If you’re one to get creative you can bring along things like mini LED lights, glow sticks or other lights and play around with light painting. The sky is the limit (pun intended!) of what you can create when light painting!
Now the we have our gear planned we need to know what settings to have.
Your shutter speed will need to be long to allow enough light into the lens, however too long and we will get star trails! Because the earth spins, the stars will move in the sky. The more wide the focal length of the lens, the less noticeable this is. A good rule for calculating the appropriate shutter speed for your lens is the 500 rule. Divide 500 by your lens's “full frame equivalent” focal length. For example, for the Samyang 14mm f2.8 lens this was 500 / 14 = 35.71. I would round this down to 30 seconds to make sure the stars are nice and sharp. The slower the shutter speed, the sharper the stars will be... in theory! For all my astro shots featured here I used either 5000 or 6400 ISO and my aperture was as wide open as the lens would go.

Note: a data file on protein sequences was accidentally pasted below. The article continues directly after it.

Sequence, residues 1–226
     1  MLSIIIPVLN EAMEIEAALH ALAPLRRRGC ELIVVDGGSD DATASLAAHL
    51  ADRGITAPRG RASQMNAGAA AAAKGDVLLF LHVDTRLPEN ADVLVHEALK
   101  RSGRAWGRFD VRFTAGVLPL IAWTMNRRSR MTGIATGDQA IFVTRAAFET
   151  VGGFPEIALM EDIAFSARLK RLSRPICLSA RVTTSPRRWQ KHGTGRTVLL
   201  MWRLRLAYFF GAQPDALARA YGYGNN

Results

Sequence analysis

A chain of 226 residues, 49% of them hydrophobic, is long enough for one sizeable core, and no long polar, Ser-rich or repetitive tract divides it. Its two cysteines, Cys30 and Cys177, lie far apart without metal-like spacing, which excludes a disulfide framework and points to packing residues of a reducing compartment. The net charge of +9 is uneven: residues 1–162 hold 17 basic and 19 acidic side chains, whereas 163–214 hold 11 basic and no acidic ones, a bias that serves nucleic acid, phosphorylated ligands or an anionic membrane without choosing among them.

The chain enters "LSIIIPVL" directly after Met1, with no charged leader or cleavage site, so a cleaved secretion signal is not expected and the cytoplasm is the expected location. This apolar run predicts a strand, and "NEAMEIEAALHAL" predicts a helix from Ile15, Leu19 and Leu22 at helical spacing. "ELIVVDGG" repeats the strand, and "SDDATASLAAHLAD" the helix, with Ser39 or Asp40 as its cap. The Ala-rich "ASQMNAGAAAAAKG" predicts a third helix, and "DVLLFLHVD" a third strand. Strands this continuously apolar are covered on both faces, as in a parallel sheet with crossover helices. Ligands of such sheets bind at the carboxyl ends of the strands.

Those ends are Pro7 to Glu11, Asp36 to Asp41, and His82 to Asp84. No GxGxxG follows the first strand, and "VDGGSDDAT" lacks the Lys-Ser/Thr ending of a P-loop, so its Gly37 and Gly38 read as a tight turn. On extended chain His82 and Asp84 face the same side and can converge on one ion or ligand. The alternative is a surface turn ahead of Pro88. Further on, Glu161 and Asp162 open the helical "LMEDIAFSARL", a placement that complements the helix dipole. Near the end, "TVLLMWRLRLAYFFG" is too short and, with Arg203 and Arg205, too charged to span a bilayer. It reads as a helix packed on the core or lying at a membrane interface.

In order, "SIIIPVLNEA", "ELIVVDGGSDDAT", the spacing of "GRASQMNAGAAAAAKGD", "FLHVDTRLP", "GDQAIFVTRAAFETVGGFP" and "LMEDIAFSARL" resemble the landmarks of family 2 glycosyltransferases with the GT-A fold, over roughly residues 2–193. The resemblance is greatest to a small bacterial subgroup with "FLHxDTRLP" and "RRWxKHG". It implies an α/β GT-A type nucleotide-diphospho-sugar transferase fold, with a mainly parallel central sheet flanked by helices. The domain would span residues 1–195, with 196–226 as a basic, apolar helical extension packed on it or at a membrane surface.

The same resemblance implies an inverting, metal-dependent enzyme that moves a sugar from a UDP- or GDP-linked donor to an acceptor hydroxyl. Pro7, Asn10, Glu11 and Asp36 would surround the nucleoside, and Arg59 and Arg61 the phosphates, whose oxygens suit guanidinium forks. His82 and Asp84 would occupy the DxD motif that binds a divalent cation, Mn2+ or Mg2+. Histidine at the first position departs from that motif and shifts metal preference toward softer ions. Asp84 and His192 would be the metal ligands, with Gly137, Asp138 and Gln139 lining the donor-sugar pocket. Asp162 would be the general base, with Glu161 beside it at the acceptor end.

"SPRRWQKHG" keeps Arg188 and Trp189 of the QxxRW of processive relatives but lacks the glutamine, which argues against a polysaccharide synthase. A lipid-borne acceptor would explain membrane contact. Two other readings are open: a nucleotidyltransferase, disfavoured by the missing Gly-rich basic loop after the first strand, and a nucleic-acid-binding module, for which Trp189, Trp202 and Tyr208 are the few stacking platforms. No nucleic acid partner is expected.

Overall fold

Now, thats all well and good but what happens if it’s cloudy and you can’t get a decent view of the milky way?
Have a back up plan! My back up plan is to simply set up a time lapse. With time-lapses with clouds actually are somewhat a strength and they’re excellent to watch.
This is a time lapse I captured on my last astrophotography trip. It was the first night and it started off really cloudy. I figured, let’s make the most of this and set up a timelapse! I pulled out my trusty Hahnel Captur Timer Kit and waited for night fall. I had worked out that the moon would set at about 7pm and the galactic centre would be over the eastern horizon at about 9pm. I set up using Google maps as my compass and "Sky Walk 2" as my guide where the milky way will be. This can be a bit tricky because for something like this I had to rely on these apps to know where the milky way will be exactly, so I can set my composition ahead of time.